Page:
Many bacteria attack cells using pore-forming toxins. An efflux of K+ through these pores activates lipid synthesis that helps the cells survive, say Laure Gurcel, F. Gisou van der Goot (University of Geneva, Switzerland), and colleagues.
The group's first clue was that treatment of cells with aerolysin, a pore-forming protein from Aeromonas, triggered processing of SREBP-2. Processed SREBP-2 enters the nucleus and induces transcription; its target genes turn on cholesterol and fatty acid biosynthesis.
After testing many candidates for the source of the signal, the researchers added aerolysin in the presence of high K+ medium. With K+ efflux prevented, the cells did not activate SREBP-2 and died in droves. A K+ ionophore, by contrast, was sufficient to induce SREBP-2 activation.
The pathway that emerged leads from K+ entry to assembly of two so-called inflammasome complexes. These allow autoproteolysis of caspase-1, leading eventually to the activating proteolysis of SREBP-2, and the induction of SREBP-2 targets such as fatty acid synthase. All these steps were needed to promote cell survival after aerolysin treatment.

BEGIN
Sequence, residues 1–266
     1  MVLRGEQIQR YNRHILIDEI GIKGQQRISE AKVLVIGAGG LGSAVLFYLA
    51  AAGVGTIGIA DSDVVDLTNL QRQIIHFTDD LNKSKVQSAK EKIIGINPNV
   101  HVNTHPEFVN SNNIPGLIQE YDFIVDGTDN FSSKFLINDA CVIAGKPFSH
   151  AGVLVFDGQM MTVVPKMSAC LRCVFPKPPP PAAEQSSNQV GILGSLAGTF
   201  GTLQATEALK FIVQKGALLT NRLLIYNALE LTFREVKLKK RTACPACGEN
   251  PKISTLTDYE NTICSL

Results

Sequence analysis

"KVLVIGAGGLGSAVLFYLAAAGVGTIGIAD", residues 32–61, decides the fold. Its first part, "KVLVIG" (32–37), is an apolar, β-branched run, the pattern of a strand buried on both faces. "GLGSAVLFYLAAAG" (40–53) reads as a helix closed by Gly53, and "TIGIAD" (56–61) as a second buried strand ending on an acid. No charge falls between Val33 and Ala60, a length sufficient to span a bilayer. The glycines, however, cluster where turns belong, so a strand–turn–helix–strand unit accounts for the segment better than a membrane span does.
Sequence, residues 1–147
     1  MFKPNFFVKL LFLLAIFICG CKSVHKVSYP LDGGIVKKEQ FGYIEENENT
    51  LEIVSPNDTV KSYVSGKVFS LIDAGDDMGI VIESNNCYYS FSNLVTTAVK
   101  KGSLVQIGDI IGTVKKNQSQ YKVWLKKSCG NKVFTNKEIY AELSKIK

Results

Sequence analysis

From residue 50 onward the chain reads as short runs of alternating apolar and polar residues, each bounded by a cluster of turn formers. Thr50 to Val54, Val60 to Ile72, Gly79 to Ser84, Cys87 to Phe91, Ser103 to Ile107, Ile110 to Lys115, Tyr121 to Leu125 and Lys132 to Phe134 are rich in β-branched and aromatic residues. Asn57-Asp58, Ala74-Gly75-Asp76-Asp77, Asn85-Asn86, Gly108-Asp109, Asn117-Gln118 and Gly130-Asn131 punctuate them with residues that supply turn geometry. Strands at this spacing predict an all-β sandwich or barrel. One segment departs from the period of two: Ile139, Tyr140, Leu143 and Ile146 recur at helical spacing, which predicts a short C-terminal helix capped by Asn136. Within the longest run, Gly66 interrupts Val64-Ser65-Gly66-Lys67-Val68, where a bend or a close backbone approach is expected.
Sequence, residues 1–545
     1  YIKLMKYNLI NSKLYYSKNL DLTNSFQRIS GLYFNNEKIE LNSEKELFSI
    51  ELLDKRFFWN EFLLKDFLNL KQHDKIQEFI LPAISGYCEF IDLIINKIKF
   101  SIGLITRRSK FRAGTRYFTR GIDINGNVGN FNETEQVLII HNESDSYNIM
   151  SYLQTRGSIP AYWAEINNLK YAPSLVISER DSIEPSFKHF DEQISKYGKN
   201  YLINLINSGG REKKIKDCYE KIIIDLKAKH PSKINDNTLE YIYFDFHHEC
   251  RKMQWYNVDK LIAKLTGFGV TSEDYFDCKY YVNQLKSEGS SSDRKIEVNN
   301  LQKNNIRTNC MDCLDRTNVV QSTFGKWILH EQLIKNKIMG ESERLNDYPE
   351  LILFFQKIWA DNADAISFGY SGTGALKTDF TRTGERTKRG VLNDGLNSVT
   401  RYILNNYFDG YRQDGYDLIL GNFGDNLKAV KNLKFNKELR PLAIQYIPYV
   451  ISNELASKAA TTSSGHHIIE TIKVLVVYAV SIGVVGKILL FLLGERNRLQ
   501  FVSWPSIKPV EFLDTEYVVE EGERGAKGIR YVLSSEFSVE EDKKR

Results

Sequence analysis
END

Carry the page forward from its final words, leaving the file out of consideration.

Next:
The function of the lipid synthesis is uncertain, but a simple plugging of the hole is almost certainly not happening. “The pore we are looking at is extremely stable,” says van der Goot. “It's not the surface occupied by the holes that requires synthesis.” Instead, repair may involve endocytosis or vesiculation. Either one may require lipid synthesis to drive or replenish the process.